|Originating among working class Englishmen in 1844, the Young Men's Christian Association was brought to North America in 1851 to promote a "full and balanced life" through religious devotion and athletic activity. Berkeley's charter organization was established in 1903.
Business and service organizations raised the substantial sum of $118,003 to construct this Georgian Revival style building, designed by the architect of the nearby Shattuck Hotel, on land donated by Rosa M. Shattuck and her . . . — Map (db m50295) HM|
|California (Alameda County), Berkeley — John Hinkel Park — Clubhouse: John Gregg, Designer, 1918 — Amphitheater: Vernon Dean, Designer, 1934|
|City of Berkeley Landmark
designated in 2001
In 1919 John and Ada Hinkel donated seven hillside areas to the City of Berkeley in appreciation of the Boy Scouts’ service to the nation during the First World War. Before making their gift, the Hinkels added a playground, trails, a massive stone fireplace, and clubhouse. John Gregg, University of California landscape professor and president of the city’s park commission, contributed to the park design and designed the rustic redwood . . . — Map (db m53849) HM|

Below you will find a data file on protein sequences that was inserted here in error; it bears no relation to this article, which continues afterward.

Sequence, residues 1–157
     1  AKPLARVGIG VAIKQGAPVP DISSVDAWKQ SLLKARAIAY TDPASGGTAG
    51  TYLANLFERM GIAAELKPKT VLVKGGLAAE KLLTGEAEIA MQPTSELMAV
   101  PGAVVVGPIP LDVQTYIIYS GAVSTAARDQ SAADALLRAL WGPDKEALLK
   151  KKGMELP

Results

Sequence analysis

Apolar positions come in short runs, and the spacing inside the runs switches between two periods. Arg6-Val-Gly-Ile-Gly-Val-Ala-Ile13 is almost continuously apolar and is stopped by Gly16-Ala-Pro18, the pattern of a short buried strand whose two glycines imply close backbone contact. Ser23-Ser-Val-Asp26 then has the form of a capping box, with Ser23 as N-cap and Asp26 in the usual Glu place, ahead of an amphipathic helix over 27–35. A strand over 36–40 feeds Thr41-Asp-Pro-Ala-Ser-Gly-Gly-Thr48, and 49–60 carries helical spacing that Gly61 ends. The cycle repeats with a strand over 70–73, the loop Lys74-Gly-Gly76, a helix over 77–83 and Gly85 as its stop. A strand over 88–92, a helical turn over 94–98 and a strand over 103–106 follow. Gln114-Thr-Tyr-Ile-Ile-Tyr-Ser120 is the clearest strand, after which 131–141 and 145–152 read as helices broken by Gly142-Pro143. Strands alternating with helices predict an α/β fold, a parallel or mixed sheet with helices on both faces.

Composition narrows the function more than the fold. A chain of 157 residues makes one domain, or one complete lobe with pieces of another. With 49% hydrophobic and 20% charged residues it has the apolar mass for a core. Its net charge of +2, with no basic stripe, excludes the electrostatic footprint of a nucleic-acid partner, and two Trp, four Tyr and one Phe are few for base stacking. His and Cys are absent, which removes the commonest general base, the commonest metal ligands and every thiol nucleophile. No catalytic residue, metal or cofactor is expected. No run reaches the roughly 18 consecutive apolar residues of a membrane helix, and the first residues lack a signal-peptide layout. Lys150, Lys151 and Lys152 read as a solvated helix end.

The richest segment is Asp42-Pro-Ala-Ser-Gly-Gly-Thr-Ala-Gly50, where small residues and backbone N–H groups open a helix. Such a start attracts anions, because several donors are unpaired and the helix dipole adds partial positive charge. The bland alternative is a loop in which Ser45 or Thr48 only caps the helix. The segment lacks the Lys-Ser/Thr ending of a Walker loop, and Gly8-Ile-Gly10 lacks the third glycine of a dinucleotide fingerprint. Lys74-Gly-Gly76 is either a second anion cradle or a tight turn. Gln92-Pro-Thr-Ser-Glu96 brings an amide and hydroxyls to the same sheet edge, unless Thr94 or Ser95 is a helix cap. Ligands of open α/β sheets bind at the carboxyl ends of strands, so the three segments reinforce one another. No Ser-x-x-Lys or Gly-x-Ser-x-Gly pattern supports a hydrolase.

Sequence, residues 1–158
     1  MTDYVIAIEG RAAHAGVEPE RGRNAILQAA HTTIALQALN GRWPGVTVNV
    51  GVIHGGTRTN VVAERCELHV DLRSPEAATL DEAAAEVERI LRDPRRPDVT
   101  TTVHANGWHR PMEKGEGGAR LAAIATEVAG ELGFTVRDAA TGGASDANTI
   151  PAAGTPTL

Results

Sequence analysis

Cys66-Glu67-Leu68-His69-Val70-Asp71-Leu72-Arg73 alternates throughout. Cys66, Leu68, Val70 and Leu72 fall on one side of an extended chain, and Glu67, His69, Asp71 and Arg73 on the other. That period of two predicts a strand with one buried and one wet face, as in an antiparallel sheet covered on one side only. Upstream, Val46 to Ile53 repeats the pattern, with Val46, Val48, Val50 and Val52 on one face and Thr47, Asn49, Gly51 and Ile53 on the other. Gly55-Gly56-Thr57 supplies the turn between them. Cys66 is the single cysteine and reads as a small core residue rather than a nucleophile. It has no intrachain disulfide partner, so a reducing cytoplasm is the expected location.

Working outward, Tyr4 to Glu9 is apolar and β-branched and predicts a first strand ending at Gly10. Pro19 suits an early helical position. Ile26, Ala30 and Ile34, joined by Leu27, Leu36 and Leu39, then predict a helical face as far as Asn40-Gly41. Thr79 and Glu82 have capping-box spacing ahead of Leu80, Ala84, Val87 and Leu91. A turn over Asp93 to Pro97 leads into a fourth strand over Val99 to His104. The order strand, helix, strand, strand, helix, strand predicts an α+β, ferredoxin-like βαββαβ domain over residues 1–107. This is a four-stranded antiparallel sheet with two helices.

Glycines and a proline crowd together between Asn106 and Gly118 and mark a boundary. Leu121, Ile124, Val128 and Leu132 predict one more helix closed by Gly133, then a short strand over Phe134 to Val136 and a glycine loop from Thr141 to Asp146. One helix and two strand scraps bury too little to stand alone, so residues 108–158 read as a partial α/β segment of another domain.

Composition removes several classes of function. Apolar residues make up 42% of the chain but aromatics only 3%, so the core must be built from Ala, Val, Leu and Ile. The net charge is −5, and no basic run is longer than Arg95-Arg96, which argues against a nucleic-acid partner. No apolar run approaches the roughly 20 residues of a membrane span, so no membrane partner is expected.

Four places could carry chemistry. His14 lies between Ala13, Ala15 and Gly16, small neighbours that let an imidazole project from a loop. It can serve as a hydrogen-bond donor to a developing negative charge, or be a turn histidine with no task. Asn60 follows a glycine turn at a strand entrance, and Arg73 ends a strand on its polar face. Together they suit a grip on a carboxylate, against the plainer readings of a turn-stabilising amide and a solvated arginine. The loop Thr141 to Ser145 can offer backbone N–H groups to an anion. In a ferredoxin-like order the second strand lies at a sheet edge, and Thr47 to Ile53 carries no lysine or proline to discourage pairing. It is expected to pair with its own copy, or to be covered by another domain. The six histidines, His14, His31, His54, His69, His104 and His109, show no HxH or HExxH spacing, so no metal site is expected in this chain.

|California (Alameda County), Berkeley — Spenger’s Fish Grotto — c. 1890 — City of Berkeley Landmark - Designated in 2001|
|Clam chowder, baked beans and 10¢ beer – these and fish dinners drew crowds to fabled Spenger’s. It all began in the 1860s when Johann Spenger from Bavaria started fishing in the Bay. The gabled structure he built here housed his business and family. In the 1930s, son Frank opened a ground floor restaurant, gradually adding dining rooms and bars as the establishment’s popularity grew. Celebrities from Ernest Hemingway and Clack Gable to Jack Dempsey and Joe DiMaggio rubbed elbows with . . . — Map (db m52303) HM|
|California (Alameda County), Berkeley — Strand (Elmwood) Theater — Albert W. Cornelius, Architect — 1914|
|City of Berkeley Landmark
designated in 1982
Built as the Strand Theater in the Art Nouveau architectural style, this was one of the neighborhood’s first commercial structures. Admission was ten cents for adults, five for children and the theater advertised as “catering to the family.” After closing in 1941, it reopened as the Elmwood in 1947, with a new zigzag Moderne decor. The opening movies were “The Macomber Affair,” starring UC Berkeley alumnus Gregory Peck, and . . . — Map (db m54813) HM|
|California (Alameda County), Fremont — Essanay Film Studio|
|The western branch studio of the Essanay Film Manufacturing Company stood on this site from 1913 to 1933. It was the first movie studio built for that purpose in Northern California.